May 18, 2018

Sustainable transport policy: Lessons from London and future challenges in the US

Time

1:40pm - 3:00pm

Location

1605 Tilia, Room 1103, West Village

Speaker(s)

Andrea Broaddus, Future Mobility Research and Consulting

Abstract

With a global urbanization trend well underway, cities today are struggling to adapt 19th and 20th century transport systems to meet the needs of growing 21st century populations which are more mobile than ever before. This talk begins with consideration of the long-term policy, investment, and institutional changes in London, including congestion charging and regional networks of light rail, bus and bike lanes, helped the city adapt itself into a sustainable transport model. In the short term, congestion charging reduced traffic entering the charged area by 20%, and increased bus and Underground ridership by 10%. In the longer term, accessibility benefits extended well beyond the charged zone, leading to location and car ownership adjustments throughout Inner London. Car-free households grew 19%, with new residents settling in transit-rich inner suburbs. However the urbanization trend is playing out differently in the US context, and travel behavior is changing rapidly with the rise of tech-driven shared and on-demand mobility services. The talk concludes with a consideration of future mobility challenges for US metropolitan regions.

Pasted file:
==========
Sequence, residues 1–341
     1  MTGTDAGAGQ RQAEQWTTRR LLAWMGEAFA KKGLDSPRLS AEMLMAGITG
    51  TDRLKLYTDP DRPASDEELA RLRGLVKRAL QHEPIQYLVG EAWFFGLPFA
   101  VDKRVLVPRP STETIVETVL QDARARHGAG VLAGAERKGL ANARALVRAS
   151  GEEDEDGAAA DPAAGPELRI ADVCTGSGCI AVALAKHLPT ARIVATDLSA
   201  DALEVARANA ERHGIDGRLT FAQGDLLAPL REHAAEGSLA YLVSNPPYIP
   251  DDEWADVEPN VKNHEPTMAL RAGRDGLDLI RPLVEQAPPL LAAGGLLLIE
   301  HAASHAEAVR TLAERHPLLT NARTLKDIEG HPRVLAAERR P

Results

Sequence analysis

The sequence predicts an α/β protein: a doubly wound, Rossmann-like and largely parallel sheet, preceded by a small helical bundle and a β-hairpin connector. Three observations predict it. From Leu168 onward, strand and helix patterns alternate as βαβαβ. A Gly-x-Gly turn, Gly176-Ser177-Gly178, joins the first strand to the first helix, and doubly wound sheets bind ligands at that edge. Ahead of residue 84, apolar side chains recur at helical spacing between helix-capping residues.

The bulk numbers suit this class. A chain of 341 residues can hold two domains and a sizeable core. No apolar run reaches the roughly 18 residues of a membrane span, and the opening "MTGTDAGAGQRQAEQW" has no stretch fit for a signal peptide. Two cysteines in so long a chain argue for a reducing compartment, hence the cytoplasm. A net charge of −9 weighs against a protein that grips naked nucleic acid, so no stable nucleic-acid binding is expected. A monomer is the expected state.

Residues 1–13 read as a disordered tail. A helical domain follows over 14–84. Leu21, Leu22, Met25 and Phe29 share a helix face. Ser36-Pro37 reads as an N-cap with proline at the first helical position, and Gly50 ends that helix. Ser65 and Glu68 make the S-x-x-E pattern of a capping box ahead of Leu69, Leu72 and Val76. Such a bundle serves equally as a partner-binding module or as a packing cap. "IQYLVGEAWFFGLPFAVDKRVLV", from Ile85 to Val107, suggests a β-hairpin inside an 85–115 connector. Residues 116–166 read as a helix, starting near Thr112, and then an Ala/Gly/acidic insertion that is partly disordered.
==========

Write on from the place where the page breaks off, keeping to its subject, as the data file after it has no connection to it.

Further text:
Biographical Sketch

Andrea Broaddus is a transportation policy expert focused on travel demand management through behavioral incentives and land use practices. Her current research focuses on the impacts of autonomous and connected vehicles on urban transport systems. She has published articles on road pricing and transit oriented development and has served as a lecturer at UC Berkeley and San Jose State since 2010. She has private sector experience as a researcher on future mobility topics for Robert Bosch LLC, and as a planning practitioner with Nelson/Nygaard Consulting Associates. She has also worked in non-profit advocacy on local and state transportation policy in Madison WI, and federal policy in Washington DC. Her research on European transportation policy and practice led to year-long fellowships in Hamburg, Germany and London, England. She holds a Bachelor of Science in Geology from the University of North Carolina at Chapel Hill, Master of Public Policy / Urban Planning from the Harvard Kennedy School and PhD in Transportation Planning from UC Berkeley.